Democratic Progressive Party (DPP) presidential candidate Tsai Ing-wen (蔡英文) yesterday announced her Aboriginal affairs policy, pledging to establish a national investigation and settlement commission, implement Aboriginal autonomy, create just and equal chances for Aborigines in cities and revitalize the tribal economy.
Tsai, while attending the launch of a support group formed by Aborigines in New Taipei City’s (新北市) Shulin District (樹林), said the DPP’s 10-year policy guidelines stated that the most important goal is to “realize justice” to lead to a future where all ethnicities live in harmony.
Tsai said that when the DPP was in power, it did its best to stand by the side of Aborigines. However, the Chinese Nationalist Party (KTM), after taking power, not only failed to propose new laws to benefit Aborigines, it even blocked the DPP’s proposed Aboriginal land and marine spaces act (原住民土地及海域法), she said.
The KMT wished to forcefully pass the indigenous people’s autonomous area act even when the contents of the draft were not considered acceptable by the majority of Aboriginal people, she said, adding that the KMT government should not pass laws in haste just to have something to show for its policies when it has not given Aborigines real power or peace.
Tsai pledged to set up a national investigation and settlement commission to investigate the loss of Aboriginal land and culture and various other unequal treatments and would compensate Aboriginal people for past misdeeds.
The president should apologize to Aboriginal people for their losses during the colonial era on behalf of the government, she said, adding that the move would show that the government is willing to change and “to re-establish relations between the Aboriginal people and the nation.”
“The president should take the lead and set an example for all other government chiefs and give back to the Aboriginal people the respect they deserve; and on a new basis of mutual benefit, the government should establish policies and take the first step in establishing friendly relations with Aboriginal tribes,” Tsai said.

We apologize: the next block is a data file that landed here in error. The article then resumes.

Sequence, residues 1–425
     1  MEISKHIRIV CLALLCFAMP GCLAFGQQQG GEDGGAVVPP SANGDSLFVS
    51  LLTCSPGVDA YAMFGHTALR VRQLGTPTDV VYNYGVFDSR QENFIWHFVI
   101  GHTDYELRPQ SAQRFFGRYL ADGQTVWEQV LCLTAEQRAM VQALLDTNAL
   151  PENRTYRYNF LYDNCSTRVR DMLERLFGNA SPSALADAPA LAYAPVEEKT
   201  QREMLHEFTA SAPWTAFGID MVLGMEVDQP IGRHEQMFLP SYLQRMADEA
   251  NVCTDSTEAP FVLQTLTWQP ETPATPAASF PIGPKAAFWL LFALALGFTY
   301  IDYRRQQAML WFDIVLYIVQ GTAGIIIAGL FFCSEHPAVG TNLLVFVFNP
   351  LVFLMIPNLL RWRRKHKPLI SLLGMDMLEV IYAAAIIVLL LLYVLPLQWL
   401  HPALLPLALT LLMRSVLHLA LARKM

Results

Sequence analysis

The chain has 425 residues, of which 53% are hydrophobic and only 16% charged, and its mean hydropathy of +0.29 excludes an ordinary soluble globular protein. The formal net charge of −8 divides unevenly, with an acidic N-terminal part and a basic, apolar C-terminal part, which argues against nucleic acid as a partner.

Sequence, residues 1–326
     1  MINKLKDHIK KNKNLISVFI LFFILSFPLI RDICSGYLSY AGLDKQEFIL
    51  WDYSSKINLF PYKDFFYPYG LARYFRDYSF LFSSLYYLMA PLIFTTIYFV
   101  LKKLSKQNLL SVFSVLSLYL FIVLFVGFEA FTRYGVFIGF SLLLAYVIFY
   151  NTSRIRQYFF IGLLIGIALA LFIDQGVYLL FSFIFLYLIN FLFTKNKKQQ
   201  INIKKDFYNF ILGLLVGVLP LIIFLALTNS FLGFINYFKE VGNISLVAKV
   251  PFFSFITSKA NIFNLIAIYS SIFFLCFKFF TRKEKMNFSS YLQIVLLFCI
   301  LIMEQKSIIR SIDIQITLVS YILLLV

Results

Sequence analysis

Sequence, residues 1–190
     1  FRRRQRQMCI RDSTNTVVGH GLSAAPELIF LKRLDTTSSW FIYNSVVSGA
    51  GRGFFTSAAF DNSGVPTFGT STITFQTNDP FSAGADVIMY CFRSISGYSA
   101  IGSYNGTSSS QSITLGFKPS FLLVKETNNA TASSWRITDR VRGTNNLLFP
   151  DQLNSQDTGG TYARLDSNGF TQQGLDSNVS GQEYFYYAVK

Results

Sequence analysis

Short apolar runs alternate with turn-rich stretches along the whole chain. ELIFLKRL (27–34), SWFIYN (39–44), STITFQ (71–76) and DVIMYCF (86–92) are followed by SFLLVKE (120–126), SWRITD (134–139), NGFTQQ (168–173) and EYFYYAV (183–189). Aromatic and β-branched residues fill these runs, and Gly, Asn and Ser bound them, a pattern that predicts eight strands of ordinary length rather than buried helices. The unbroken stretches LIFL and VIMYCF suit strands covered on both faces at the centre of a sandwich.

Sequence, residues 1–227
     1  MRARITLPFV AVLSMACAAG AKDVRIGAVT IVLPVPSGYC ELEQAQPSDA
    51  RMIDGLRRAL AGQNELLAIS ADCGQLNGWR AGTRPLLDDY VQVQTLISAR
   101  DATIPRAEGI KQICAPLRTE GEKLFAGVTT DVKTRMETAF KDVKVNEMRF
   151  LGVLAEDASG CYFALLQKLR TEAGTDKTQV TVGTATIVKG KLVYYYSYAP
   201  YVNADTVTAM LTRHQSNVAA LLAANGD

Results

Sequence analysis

Tsai said she would recognize the rights of Aboriginal tribes and implement an Aboriginal autonomous government, establishing autonomous areas for tribes who wish it.
The autonomous areas would be given steady funding, giving Aboriginals “true autonomous rule, unlike the KMT’s unwillingness to give a steady source of funding and autonomy over natural resources,” Tsai said.
There should be equal and just chances for development of Aboriginal populations in urban areas, Tsai said.
Because more than half of the Aboriginal population currently lives in cities and remit money back to their elders in tribal areas, Tsai said there should be systems put in place to help pass on Aboriginal culture and language in the future and also provide an active job market, good education, housing opportunities and chances to participate in politics for Aboriginal people.
Jobs have to be created for the revitalization of tribal economies, Tsai said, adding that funds and plans have to be developed to let tribes develop their local economies in accordance with their characteristics.
Aboriginal-only industries and Aboriginal-based financial loans should also be put in place so that they no longer have to be other people’s workers, but can have the chance to develop their own businesses and be their own masters, she said.
Translated by Jake Chung, Staff Writer
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